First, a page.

Antacids are so popular that they often get their own section in the drugstore. These OTC medications are designed to ease symptoms of too much acid in our stomachs, such as heartburn, indigestion, and acid reflux.

We may take antacids in liquid form, tablets that we dissolve in water before drinking, or chewable pills or gummies. These medications often offer quick relief. For those with heart failure or kidney failure, a consult with a healthcare provider is in order before reaching for antacids made with magnesium carbonate and aluminum hydroxide.

Even though kids usually don’t experience too much acid in their stomachs, talk to the pediatrician before giving a child antacids.

With antacids, as with all medications, it’s important to read and follow the directions. Side effects from taking too many antacids may include:

  • Excess calcium if we take antacids made with calcium, which in turn may result in nausea or kidney stones.
  • Drug interactions if we take antacids containing aspirin, particularly if we take medications like anticoagulants that raise our bleeding risk.

What To Do: If you chronically suffer from health issues like heartburn, you may have a problem other than excess stomach acid. Experts recommend checking with your doctor if you have heartburn, indigestion, or acid reflux for two weeks or more.

NSAIDs: Safe to Use Long-Term?

We may develop a headache just trying to choose the right drugstore medication. Should we buy ibuprofen, aspirin, or an alternative? And are these headache drugs safe to use long-term?

Ibuprofen, aspirin, and naproxen are classified as nonsteroidal anti-inflammatory drugs (NSAIDs). These medications lower inflammation while easing pain.

Many of us may take NSAIDs long-term for relief from chronic problems like backaches and arthritis. Long-term use of these medications is linked to a higher risk of:

  • Strokes and heart attacks.
  • Stomach problems, such as ulcers.
  • Kidney issues.

Also, check with your healthcare provider before using NSAIDs if you have ulcerative colitis, ulcers, Crohn’s disease, heart disease, kidney disease or gastroesophageal reflux disease (GERD).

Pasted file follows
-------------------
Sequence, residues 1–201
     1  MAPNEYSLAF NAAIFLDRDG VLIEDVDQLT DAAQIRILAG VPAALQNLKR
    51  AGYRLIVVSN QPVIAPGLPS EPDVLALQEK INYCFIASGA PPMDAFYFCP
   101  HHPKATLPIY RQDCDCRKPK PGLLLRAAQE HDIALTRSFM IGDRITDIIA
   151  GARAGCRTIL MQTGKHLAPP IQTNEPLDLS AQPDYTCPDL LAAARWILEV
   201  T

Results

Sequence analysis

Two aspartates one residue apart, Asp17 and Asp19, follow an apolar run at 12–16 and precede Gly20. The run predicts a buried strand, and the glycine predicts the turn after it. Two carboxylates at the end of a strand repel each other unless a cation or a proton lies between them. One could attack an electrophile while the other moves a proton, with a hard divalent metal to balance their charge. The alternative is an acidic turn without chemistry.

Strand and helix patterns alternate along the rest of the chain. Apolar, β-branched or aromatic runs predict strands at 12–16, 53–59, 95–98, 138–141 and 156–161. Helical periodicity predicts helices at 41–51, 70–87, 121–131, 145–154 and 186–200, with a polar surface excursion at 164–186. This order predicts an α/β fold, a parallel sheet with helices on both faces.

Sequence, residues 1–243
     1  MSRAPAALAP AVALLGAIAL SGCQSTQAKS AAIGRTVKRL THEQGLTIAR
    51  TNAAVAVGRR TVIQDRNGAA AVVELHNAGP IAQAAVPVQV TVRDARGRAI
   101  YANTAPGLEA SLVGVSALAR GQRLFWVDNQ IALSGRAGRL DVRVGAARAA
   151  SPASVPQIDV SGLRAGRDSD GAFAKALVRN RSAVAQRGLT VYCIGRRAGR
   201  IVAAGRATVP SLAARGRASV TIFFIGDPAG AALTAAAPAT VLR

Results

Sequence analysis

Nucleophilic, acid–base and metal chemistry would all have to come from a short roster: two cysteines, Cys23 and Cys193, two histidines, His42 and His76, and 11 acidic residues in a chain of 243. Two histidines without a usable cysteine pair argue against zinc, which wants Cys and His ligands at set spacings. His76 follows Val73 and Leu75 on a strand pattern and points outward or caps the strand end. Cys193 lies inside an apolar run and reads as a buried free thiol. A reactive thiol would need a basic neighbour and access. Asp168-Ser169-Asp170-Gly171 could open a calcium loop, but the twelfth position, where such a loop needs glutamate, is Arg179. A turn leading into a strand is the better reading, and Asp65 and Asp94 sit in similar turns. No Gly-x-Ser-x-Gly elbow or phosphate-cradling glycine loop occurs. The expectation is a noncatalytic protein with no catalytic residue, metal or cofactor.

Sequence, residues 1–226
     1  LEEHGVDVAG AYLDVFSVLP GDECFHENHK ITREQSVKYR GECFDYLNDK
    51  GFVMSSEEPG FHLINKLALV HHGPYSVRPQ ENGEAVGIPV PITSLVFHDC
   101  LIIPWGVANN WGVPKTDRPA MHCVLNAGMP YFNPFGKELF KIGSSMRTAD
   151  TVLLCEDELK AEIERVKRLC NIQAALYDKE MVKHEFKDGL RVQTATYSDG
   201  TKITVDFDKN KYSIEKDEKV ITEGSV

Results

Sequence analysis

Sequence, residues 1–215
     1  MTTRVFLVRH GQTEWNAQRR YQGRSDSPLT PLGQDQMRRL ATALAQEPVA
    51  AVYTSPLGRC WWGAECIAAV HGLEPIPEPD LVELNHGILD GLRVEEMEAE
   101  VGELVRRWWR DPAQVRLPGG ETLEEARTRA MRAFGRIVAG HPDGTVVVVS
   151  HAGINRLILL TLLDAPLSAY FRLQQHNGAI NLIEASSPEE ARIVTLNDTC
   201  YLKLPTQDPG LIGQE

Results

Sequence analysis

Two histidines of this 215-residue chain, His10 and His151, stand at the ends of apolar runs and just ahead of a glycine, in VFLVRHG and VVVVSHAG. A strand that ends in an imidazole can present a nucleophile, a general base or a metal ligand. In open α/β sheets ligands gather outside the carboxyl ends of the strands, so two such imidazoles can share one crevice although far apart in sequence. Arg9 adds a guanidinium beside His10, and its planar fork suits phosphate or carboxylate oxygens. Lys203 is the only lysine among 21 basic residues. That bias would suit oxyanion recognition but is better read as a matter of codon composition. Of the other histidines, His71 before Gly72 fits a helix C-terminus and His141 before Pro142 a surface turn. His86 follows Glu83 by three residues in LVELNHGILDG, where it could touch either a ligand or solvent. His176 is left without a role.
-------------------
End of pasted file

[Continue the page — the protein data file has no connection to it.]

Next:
What To Do: If you have one of the conditions listed above or want to use NSAIDs longer than a few days, check with your doctor first.

Antihistamines: Itching to Double Your Dose?

Benadryl and other antihistamines may ease the misery of itchy skin, hives, and even constant sneezing from allergies. And if one or two pills help, why not double that dose?

Benadryl (brand name for diphenhydramine) and generic versions of that medication help ease allergy symptoms by blocking histamine. Generally safe, problems occur when we take more than recommended.

According to the FDA, too much diphenhydramine may result in seizures, heart problems, coma, and death. The FDA’s warning follows teen health problems resulting from their participation in the social media “Benadryl Challenge.”

What To Do: Follow the dosage directions carefully for all antihistamines. If you continue to experience problems, such as hives or sneezing, check with your doctor rather than take extra doses.

The ultimate message about common drugstore medications: These products can ease heartburn, relieve itching, and even halt headaches. But to protect our health, it’s important to read the label carefully. Follow the directions regarding dosage and frequency and keep your doctor up-to-date on which drugstore meds you take.

~Here’s to a Healthier Life!